A rare infection caused by a brain-eating amoeba has taken the life of a teenager in North Carolina this summer, CNN reports. The single-celled killer, known as Naegleria fowleri, is common in lakes and other freshwater sources, and thrives when temperatures are high and water levels are low.

N. fowleri enters through the nose and attacks the brain, usually killing its victim within two weeks, according to the Centers for Disease Control and Prevention. But while the amoeba is widespread, infections are rare because it's not a parasite and doesn't seek out human hosts. It only accidentally ends up in someone's nose, yet once it's there it may burrow into the skull in search of food. When it eats brain tissue, it causes "primary amoebic meningoencephalitis," which is almost always fatal.

About three people die annually from N. fowleri in the U.S. But the amoeba is more prevalent in warm, shallow waters — especially in the Southern U.S. — and "infections can increase during heat wave years," according to the CDC. According to the CDC, infections occur mainly in July, August and September.

People can't be infected with N. fowleri by swallowing contaminated water, the CDC explains; it's only dangerous when it enters via the nose, which offers easy access to the brain. Infections are most common in children and young adults — the median age of victims is 12 — possibly because they're more likely to dive, swim and play in water.

A look at amebic meningoencephalitis due to Naegleria fowleri. A look at amebic meningitis due to Naegleria fowleri. (Photo: CDC/ Dr. Govinda S. Visvesvara/Wikimedia Commons)

The source of infection is typically a lake, river or hot spring, and the teen who died this summer was believed to be riding in a raft when it overturned. A 2011 case in Louisiana was more unusual, though — the Associated Press reports a man was infected by tap water he squirted into his nose using a neti pot. Neti pots relieve allergies and sinus problems by washing out the nose and sinuses, but experts recommend disinfecting the water first by boiling or distilling it. Tests showed N. fowleri was living in the Louisiana man's household water pipes, but authorities concluded the contamination was isolated to his house, and found none of the amoebae in local water supplies.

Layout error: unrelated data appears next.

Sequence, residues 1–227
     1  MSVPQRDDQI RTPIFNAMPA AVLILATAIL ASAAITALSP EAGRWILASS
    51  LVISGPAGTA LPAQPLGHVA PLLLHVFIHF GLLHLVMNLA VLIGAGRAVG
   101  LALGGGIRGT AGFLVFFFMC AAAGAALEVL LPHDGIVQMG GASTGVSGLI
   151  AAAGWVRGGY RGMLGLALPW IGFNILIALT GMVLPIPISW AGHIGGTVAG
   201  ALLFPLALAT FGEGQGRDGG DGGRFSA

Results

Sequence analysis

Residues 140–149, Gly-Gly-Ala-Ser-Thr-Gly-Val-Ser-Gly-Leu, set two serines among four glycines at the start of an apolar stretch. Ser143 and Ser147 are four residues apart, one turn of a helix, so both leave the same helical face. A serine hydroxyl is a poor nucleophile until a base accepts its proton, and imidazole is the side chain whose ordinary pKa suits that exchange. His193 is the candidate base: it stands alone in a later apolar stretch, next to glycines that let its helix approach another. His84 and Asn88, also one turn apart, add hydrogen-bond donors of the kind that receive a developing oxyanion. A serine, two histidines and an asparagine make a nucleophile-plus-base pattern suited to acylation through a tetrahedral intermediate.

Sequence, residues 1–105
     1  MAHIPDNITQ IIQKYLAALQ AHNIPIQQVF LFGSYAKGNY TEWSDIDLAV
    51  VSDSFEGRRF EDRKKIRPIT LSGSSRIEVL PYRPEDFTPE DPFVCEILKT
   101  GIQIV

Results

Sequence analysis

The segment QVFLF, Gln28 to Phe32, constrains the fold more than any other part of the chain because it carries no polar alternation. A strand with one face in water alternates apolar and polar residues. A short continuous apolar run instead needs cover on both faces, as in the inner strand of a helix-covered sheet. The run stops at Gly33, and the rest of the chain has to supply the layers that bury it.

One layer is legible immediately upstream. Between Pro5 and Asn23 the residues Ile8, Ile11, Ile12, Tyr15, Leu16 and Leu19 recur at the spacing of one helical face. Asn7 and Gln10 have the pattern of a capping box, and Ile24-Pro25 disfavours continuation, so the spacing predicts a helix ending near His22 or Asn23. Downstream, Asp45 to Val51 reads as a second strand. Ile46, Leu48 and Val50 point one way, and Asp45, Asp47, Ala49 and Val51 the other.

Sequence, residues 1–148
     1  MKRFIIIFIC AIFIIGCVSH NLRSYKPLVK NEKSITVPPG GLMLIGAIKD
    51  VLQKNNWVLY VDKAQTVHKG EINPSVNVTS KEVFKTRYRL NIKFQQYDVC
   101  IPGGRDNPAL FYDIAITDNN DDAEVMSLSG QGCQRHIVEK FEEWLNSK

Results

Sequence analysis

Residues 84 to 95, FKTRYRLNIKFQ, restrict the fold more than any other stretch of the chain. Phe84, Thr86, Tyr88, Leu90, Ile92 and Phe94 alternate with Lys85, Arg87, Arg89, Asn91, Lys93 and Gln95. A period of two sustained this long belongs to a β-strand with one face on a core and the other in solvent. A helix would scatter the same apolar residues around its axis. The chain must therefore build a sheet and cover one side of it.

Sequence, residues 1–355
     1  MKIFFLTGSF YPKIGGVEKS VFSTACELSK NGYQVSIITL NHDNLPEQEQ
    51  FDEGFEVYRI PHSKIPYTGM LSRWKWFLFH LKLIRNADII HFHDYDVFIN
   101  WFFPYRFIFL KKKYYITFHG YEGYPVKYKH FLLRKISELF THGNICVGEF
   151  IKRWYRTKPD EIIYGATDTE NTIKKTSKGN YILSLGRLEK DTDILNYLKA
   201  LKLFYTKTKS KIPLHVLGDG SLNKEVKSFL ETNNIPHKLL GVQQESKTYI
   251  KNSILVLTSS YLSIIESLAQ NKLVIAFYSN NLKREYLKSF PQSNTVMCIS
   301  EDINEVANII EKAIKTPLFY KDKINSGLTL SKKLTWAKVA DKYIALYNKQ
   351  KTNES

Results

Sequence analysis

The relative risk of an N. fowleri infection is still extremely low, the CDC points out. There were 37 cases documented from 2006 to 2015, for instance, while there were an average 3,536 drowning deaths annually in the U.S. from 2005 to 2014. Yet with such high stakes involved, it's worth being aware of the threat and how to avoid it. Below is a list of symptoms, infection sources and safety tips from the CDC:


Initial symptoms (starting one to seven days after infection) include: headache, fever, nausea, vomiting and stiff neck. Later symptoms include: confusion, lack of attention, loss of balance, seizures and hallucinations. After the start of symptoms, the disease progresses rapidly and usually causes death within one to 12 days.

Infection sources

N. fowleri is not found in the ocean or other saltwater, but it may inhabit the following:

  • Bodies of warm freshwater, such as lakes and rivers
  • Geothermal water, such as hot springs
  • Warm-water discharge from industrial plants
  • Geothermal drinking-water sources
  • Swimming pools that are poorly maintained and/or minimally chlorinated
  • Water heaters with temperatures less than 116º F
  • Soil
Safety tips

As the CDC warns, "The only certain way to prevent a Naegleria fowleri infection is to refrain from water-related activities in or with warm, untreated or poorly treated water." But since a low risk "will always exist with recreational use of warm freshwater," the agency also offers a few tips for minimizing your odds of infection:

  • Avoid water-related activities in warm freshwater during periods of high water temperature and low water levels.
  • Hold the nose shut or use nose clips when taking part in water-related activities in bodies of warm freshwater.
  • Avoid digging in, or stirring up, the sediment while taking part in water-related activities in shallow, warm freshwater areas.

This story was originally published in August 2011 and has been updated with new information.

Russell McLendon ( @russmclendon ) writes about humans and other wildlife.

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